The Exchange

PokerStars to Pay $731 Million to Settle With Justice Dept.

PokerStars reached a settlement with the Justice Department, part of which will involve it paying $547 million to the U.S., more than a year after regulators made a bid to close down the card-playing Internet site and two others like it.

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Internet Poker

As part of the agreement, PokerStars is buying Full Tilt Poker, one of the other sites the DOJ sued in April 2011. Part of the money will go toward reimbursing U.S. customers of Full Tilt. PokerStars repaid what it owed American players shortly after it closed its U.S. operations, the company said. Full Tilt players outside the United States will be repaid $184 million, PokerStars said.

In a statement Tuesday, PokerStars said the payment to the U.S. can be made over a three-year period. While unavailable in the U.S. since the spring of last year, PokerStars has continued running its businesses overseas. The company is based on the Isle of Man, in the Irish Sea.

PokerStars didn't admit to doing anything wrong. While it isn't allowed to have a division in the U.S. for now, the settlement will allow it "to apply to relevant U.S. gaming authorities, under both PokerStars and Full Tilt Poker brands, to offer real money online poker when State or Federal governments introduce a framework to regulate such activity," the company said.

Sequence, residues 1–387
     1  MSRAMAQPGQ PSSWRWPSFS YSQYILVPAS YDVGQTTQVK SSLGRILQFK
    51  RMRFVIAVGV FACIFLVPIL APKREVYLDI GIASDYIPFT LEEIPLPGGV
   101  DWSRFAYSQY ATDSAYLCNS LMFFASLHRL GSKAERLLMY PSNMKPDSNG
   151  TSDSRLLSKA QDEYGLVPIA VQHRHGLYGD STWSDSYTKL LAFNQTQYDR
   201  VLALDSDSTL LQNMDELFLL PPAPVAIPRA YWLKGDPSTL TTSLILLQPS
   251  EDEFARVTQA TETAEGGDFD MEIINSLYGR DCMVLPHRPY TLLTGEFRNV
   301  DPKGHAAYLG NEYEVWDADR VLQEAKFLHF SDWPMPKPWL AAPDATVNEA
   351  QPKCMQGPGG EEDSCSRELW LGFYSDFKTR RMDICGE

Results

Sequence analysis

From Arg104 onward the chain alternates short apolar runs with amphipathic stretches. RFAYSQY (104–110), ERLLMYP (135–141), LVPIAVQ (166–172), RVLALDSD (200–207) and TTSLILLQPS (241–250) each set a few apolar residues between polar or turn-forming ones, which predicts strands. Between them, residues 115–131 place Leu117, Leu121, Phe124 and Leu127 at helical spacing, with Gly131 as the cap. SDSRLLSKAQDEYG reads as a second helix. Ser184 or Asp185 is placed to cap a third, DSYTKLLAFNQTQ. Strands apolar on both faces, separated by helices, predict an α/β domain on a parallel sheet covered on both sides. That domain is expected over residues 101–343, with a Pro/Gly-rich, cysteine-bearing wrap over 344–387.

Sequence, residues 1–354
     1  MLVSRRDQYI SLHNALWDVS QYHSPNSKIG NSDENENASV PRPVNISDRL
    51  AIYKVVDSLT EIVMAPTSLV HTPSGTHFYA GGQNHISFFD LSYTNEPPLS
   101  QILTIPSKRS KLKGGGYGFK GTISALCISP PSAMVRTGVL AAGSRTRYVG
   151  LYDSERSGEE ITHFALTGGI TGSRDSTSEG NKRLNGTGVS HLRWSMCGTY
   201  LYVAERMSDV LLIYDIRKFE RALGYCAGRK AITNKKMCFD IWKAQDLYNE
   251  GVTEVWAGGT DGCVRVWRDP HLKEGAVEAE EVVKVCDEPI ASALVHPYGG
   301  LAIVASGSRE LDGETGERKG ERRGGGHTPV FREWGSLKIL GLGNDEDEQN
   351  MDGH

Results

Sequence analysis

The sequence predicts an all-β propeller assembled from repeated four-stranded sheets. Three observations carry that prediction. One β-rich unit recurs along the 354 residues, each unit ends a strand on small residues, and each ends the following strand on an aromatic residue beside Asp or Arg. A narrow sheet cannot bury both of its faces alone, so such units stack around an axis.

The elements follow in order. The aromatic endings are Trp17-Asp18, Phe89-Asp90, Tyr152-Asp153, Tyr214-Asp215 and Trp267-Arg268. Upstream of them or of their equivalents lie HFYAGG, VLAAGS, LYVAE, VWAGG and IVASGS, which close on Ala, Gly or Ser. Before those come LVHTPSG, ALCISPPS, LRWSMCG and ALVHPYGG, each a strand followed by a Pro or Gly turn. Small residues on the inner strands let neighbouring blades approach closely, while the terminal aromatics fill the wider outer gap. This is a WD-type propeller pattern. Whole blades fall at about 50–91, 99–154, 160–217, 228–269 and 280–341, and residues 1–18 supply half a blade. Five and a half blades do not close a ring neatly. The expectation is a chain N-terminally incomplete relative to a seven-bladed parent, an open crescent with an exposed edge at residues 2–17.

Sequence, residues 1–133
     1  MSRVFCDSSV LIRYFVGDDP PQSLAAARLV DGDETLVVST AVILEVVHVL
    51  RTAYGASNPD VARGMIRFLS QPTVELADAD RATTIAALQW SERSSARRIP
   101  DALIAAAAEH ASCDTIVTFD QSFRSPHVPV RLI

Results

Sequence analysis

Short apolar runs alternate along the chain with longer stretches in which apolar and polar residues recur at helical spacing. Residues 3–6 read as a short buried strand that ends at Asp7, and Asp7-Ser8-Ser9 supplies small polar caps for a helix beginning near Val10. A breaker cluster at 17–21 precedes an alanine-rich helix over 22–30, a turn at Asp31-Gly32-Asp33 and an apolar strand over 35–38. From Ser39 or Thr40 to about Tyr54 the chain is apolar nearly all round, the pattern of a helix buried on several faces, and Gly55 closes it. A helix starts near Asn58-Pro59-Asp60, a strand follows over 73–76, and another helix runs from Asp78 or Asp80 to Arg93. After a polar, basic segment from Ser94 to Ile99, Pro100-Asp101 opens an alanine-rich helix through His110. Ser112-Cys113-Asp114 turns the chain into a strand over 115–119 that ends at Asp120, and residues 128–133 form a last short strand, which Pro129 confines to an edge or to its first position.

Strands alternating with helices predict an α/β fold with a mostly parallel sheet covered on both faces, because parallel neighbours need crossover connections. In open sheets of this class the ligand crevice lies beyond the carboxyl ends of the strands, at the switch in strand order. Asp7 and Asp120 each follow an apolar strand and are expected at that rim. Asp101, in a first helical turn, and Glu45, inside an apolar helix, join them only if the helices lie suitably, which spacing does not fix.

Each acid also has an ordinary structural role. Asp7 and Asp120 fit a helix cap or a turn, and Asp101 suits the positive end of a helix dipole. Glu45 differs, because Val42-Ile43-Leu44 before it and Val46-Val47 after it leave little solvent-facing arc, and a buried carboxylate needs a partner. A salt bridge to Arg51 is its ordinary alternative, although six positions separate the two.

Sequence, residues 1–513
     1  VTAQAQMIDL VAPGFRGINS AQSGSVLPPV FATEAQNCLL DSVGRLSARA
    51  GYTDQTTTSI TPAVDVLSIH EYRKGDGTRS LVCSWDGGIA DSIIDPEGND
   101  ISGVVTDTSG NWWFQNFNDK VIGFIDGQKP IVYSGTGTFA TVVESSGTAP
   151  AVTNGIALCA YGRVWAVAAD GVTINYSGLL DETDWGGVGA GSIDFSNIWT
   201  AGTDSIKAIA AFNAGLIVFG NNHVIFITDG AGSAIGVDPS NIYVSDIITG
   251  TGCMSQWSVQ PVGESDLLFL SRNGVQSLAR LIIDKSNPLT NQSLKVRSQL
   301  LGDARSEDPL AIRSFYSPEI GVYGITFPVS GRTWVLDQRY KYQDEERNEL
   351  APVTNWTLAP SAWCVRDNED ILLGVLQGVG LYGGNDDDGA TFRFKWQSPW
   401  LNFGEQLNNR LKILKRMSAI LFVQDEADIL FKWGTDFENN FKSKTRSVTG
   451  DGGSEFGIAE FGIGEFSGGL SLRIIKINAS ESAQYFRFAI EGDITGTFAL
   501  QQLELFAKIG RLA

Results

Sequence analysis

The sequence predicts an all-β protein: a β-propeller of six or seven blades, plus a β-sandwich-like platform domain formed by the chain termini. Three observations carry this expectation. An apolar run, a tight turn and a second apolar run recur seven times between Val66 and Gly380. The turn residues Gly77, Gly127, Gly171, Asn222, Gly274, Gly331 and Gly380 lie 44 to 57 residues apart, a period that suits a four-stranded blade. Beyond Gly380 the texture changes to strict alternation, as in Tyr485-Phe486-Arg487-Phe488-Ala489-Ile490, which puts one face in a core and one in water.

Since launching in late 2001, PokerStars says it's gotten more than 49 million registered players at its website.

In a separate statement, Manhattan U.S. Attorney Preet Bharara addressed the settlement, saying the arrangement would get "significant compensation" for players. "Today's settlements demonstrate that if you engage in conduct that violates the laws of the United States, as we alleged in this case, then even if you are doing so from across the ocean, you will have to answer for that conduct and turn over your ill-gotten gains," he said.

The U.S. filed criminal charges against 11 people in its original indictment surrounding the Internet poker case, and seven of them have been arrested, six of whom have pled guilty. Of those who have entered pleas, the DOJ said five are awaiting sentencing, while one was sentenced in June to three months behind bars.

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